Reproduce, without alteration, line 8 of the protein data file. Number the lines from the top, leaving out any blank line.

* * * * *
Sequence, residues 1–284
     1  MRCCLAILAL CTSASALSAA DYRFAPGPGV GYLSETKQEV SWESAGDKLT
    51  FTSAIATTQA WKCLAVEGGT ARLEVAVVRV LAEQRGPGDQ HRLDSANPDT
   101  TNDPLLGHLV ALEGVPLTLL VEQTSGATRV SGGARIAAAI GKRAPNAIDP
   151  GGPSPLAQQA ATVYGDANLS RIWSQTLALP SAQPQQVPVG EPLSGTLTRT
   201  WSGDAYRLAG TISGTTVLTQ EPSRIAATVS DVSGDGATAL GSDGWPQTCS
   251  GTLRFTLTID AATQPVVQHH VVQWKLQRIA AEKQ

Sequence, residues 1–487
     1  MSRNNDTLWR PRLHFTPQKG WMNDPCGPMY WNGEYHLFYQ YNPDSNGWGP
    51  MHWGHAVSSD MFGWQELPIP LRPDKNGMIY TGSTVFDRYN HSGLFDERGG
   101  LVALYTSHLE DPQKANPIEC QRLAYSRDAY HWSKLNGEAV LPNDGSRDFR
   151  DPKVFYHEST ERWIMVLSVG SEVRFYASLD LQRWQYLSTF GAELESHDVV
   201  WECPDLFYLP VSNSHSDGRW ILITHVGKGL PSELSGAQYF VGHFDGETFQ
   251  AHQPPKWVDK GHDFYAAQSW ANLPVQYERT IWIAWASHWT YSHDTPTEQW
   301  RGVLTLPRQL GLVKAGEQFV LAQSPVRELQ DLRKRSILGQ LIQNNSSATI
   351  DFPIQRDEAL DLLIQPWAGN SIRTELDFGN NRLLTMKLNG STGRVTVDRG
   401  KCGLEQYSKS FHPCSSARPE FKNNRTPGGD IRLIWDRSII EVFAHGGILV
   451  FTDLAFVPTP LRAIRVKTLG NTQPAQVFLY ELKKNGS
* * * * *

Sequence, residues 1–487